After a year, the commissioner who had tried my case told my father of my conduct. I was kept in prison until he sent the money for my traveling expenses, my debt to the inn, and my stay in prison. My father arrived two days later, beat me severely, and took me home to Schoenebeck. Through more lying and persuading, I convinced him to allow me to enter school at Nordhausen the following autumn.

I lived in the house of the principal at Nordhausen. Through my conduct, I grew highly in his favor. He had such a high esteem for me that I was held up by him as an example to the rest of the class. But while I was outwardly gaining the esteem of my fellow men, I did not care in the least about God. As a result of my sinful lifestyle, I became ill and was confined to my room for thirteen weeks.

During my illness, I felt no real remorse and cared nothing about the Word of God. I owned more than three hundred books, but no Bible. Now and then I wanted to become a different person and tried to amend my conduct, particularly when I went to the Lord's Supper. The day before attending a communion service, I used to abstain from certain things. On the day itself, I promised

God that I would become a better person, thinking that somehow God would induce me to reform. But after one or two days, I forgot everything and was as bad as before.

At age 20 1 received honorable recommendations and became a member of the University of Halle. I even obtained permission to preach in the Lutheran church. But I felt as truly unhappy and far from God as ever.

I now resolved to change my lifestyle for two reasons: first, because unless I reformed, no parish would choose me as their pastor; and secondly, without a considerable knowledge of theology, I would never earn a good living. But the moment I entered Halle, all my resolutions disappeared. I resumed my loose living even though I was in the seminary. Deep in my heart, I longed to renounce this wretched life. I did not enjoy it, and I had sense enough to see that one day it would ruin me completely. Still, I felt no sorrow about offending God.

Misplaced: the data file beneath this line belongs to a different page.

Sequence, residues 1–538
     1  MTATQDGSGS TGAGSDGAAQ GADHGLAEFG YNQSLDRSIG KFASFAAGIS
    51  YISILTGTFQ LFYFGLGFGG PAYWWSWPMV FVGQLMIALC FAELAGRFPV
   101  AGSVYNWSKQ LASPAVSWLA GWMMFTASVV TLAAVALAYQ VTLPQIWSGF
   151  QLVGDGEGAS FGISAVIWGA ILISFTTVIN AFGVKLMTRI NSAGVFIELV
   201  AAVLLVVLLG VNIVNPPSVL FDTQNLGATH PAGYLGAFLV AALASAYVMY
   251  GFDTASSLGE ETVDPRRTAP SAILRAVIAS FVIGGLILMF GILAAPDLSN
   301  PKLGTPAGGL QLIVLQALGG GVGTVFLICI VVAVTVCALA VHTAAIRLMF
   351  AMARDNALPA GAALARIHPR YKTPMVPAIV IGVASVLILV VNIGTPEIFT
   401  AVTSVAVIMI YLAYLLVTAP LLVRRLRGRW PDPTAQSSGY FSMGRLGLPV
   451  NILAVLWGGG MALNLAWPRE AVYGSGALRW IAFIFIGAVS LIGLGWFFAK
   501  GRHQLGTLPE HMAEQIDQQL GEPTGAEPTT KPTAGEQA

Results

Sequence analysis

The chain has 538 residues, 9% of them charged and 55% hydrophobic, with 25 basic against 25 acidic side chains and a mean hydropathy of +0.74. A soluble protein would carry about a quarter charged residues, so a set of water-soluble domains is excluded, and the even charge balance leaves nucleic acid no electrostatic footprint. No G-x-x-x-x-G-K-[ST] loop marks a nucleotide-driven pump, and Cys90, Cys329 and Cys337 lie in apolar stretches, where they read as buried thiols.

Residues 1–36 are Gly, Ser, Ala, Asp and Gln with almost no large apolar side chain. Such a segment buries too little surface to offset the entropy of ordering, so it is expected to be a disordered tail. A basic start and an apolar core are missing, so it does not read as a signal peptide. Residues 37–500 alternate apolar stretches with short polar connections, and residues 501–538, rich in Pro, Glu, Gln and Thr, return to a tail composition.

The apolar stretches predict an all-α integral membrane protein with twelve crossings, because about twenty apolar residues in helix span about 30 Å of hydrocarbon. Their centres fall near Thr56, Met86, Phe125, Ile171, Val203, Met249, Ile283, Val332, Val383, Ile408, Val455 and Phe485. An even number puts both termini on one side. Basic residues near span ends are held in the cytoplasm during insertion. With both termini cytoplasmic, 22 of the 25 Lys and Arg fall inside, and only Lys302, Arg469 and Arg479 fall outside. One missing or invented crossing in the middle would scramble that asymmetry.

One day while in a tavern with some of my wild friends, I saw one of my former classmates named Beta. I met him four years earlier at Halberstadt; and, because he was so quiet and serious, I despised him. It now appeared wise for me to choose him as my friend, thinking that better companions would help me improve my conduct.

The Spirit of God was working in Beta's heart at Halberstadt, but Beta was a backslider. He tried to put off the ways of God and enjoy the world he had known little about before. I sought his friendship because I thought it would lead me to a moral life, and be gladly became my friend because he thought it would bring him some good times.

In August, Beta, myself, and two other students drove through the country for four days. When we returned, my love for traveling was stronger than ever, and I suggested that we set off for Switzerland. Through forged letters from our parents, we procured passports and acquired as much money as we could. We left school and traveled for forty-three days.

I had now obtained the desire of my heart, I had seen Switzerland. But I was still far from being happy. On this journey I acted like Judas. I managed the money so that the journey cost me only two thirds of what it cost my friends. By many lies, I satisfied my father's questions concerning the expenses.
During my three weeks of summer vacation, I resolved to live differently in the future, and I was different, for a few days. But when vacation was over, and new students came with fresh money, all my resolutions were soon forgotten. I easily slipped back into my old habits. Nevertheless, the God whom I dishonored by my wicked behavior and unrepentant spirit had not given up on me.
What can be accomplished in an ordinary man who trusts in an extraordinary God? George Muller discovered the endless possibilities!

ISBN 10: 0883681595
ISBN 13: 9780883681596
Publisher: Whitaker House 1984
Author: George Muller
Retail Price $9.99
Book Weight: 0.25 LB
7 x 4 x 3/4 inches
Pages: 233
Paperback Book